The two main types of patent applications are provisional and non-provisional. A provisional application may be informal and secures an early filing date, but it never becomes a patent. A non-provisional application is more formal and is required to get a patent. To get the benefit of a provisional’s early filing date, a non-provisional must be filed within 12 months of the provisional application. The non-provisional application must include claims that define your invention’s scope (boundaries). The application process can be challenging, and many inventors seek professional help. It’s crucial to draft your application carefully to protect your invention. If you plan to file an international application, it is important to file it when you file your U.S. non-provisional or you may lose your international rights.


Once you file your application, if you have complied with the basic rules you will receive a Filing Receipt in the mail – save it! Your filing receipt confirms your priority date, which determines what is prior art to your application. Pay attention to your application’s specific requirements for drawings and technical details when filing to make sure your filing date is your priority date. At this point, you are patent pending – congratulations!


After Filing – What’s Next?

Filing the application is just the beginning of the process. If you did prior art research, you will need to file an Information Disclosure Statement (IDS) – we recommend 3 months after filing. Expect your non-provisional to be published 18 months after your earliest priority date (your provisional filing date, if your non-provisional claims priority to your provisional). Your non-provisional will eventually be assigned to a USPTO Patent Examiner, who will look for reasons to reject your application. Prepare for the patent examination process, and do not be discouraged! Office Actions (rejections) are part of the process – expect at least two. Respond promptly to any USPTO communications or requests for additional information. Finally, remember that obtaining a patent can be a lengthy process, often taking several years. Strategic claim drafting based on prior art strengthens your patent application. Expect to amend your application in response to Office Actions.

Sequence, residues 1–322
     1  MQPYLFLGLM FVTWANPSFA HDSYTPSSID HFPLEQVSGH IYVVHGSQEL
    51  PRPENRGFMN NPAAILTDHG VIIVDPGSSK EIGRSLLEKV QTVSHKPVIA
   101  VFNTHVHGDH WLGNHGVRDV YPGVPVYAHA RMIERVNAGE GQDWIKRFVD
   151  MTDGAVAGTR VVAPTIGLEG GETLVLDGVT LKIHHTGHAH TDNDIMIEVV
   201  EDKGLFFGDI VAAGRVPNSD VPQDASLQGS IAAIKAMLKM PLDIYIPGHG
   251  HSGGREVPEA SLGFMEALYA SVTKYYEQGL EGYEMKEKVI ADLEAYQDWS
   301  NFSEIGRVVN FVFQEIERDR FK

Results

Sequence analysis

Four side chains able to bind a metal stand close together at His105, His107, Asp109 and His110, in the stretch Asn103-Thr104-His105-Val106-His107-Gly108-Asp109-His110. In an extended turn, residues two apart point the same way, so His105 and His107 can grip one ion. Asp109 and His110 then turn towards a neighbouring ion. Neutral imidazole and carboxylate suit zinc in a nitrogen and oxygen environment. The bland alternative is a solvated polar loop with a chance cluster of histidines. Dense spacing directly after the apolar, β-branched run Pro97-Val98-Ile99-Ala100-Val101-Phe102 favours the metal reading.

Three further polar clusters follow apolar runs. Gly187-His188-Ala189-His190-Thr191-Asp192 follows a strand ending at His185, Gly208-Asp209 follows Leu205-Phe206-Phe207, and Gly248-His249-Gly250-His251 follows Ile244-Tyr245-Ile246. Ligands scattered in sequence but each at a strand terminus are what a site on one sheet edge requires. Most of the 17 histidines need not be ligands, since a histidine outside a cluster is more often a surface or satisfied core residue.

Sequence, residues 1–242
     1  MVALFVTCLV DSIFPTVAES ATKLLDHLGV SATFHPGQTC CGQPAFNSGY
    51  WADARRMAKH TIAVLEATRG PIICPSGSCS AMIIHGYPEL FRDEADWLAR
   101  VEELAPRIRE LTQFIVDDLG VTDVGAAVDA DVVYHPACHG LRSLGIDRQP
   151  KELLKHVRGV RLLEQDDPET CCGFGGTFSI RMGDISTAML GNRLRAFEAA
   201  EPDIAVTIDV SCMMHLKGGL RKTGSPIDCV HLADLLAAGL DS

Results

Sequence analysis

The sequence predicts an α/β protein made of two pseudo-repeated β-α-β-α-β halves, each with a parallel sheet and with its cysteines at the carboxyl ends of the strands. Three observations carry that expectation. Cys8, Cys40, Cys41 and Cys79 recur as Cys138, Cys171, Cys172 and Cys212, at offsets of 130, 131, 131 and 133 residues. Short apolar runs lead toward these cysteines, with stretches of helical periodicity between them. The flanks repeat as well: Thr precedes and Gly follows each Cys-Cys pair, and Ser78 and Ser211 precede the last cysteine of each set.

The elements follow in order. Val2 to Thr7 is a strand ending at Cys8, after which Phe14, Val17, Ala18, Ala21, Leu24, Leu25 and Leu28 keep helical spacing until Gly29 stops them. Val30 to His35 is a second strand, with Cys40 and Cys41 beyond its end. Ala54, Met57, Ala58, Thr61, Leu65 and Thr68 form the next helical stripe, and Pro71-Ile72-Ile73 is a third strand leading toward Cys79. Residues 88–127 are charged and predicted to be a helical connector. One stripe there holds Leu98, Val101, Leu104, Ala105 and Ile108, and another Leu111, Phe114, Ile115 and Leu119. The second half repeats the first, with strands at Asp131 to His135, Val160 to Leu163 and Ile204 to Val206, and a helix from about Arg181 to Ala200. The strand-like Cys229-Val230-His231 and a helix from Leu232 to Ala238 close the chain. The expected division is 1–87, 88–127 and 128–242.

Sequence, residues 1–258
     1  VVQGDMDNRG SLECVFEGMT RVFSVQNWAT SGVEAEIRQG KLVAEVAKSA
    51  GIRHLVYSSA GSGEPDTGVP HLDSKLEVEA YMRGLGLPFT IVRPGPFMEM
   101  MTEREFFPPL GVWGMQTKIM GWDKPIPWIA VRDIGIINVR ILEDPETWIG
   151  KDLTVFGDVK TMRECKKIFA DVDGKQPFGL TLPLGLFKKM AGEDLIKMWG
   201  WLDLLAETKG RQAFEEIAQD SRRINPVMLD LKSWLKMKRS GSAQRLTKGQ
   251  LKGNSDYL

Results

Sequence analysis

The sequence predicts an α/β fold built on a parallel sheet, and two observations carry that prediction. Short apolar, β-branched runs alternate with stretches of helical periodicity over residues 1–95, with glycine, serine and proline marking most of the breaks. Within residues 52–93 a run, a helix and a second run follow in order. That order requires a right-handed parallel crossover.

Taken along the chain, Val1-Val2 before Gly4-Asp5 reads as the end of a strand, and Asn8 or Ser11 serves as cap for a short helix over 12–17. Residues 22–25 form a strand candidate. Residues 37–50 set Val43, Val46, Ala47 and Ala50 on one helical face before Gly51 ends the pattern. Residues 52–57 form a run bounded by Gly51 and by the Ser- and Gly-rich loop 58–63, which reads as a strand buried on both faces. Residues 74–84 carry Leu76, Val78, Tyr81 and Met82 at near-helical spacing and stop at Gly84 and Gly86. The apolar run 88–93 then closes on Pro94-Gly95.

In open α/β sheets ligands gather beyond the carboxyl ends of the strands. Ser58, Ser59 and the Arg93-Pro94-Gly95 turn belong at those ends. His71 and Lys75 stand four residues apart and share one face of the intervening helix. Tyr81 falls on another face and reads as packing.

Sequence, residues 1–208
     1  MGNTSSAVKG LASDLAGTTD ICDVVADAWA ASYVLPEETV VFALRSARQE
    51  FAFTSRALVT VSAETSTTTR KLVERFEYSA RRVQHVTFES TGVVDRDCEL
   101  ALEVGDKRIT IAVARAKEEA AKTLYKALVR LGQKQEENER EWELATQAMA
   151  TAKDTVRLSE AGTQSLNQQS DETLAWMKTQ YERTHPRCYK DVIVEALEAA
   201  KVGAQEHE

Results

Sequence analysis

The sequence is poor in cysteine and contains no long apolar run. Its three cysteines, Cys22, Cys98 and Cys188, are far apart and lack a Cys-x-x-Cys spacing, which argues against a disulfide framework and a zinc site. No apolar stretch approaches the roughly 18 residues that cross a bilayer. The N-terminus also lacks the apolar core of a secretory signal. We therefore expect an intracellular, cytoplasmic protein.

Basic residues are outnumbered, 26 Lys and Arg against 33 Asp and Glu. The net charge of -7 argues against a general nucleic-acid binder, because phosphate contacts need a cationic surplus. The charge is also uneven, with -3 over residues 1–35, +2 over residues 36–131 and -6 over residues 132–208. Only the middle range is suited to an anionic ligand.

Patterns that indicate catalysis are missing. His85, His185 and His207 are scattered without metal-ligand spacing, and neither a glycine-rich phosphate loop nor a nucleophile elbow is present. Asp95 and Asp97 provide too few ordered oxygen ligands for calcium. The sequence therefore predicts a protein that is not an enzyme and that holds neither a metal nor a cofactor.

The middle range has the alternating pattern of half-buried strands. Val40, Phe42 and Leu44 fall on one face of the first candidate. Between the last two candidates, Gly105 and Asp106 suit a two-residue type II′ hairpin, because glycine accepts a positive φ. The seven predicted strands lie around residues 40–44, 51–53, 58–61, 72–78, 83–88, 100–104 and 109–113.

Patent Grant and Post-Grant

Once you and the Examiner agree on patent claim language, the Examiner will issue a Notice of Allowability, and you’ll have the opportunity to file a continuation application to keep your patent family alive (a good idea if you want to maximize your patent protection). Then you will pay your patent Issue Fee, and your patent will be granted. After grant, patent maintenance fees will be due at 3.5 years, 7.5 years and 11.5 years if you want to get the full 20-year scope of your patent. Because there is an economic advantage to holding a patent, map out your broader patent protection strategy and how your patent fits into your business model. 


IP Works Law 

Patenting your invention can be crucial to protecting your valuable intellectual property i. Schedule a free 30-minute consultation with us for a more thorough understanding of how the patent process might help you achieve your goals. We can help clarify whether patent protection makes sense for you and how to get started to secure your invention and ensure it’s fully protected. Contact us today to begin the journey of safeguarding your innovative creation.



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Since 1992, Catherine Cavella, Esq. Her focus on Trademark Law and Copyright Law for the last few decades gives her deep insights into the fundamental principles behind the rules. Catherine regularly writes about new developments in trademark law, copyright law, and internet law.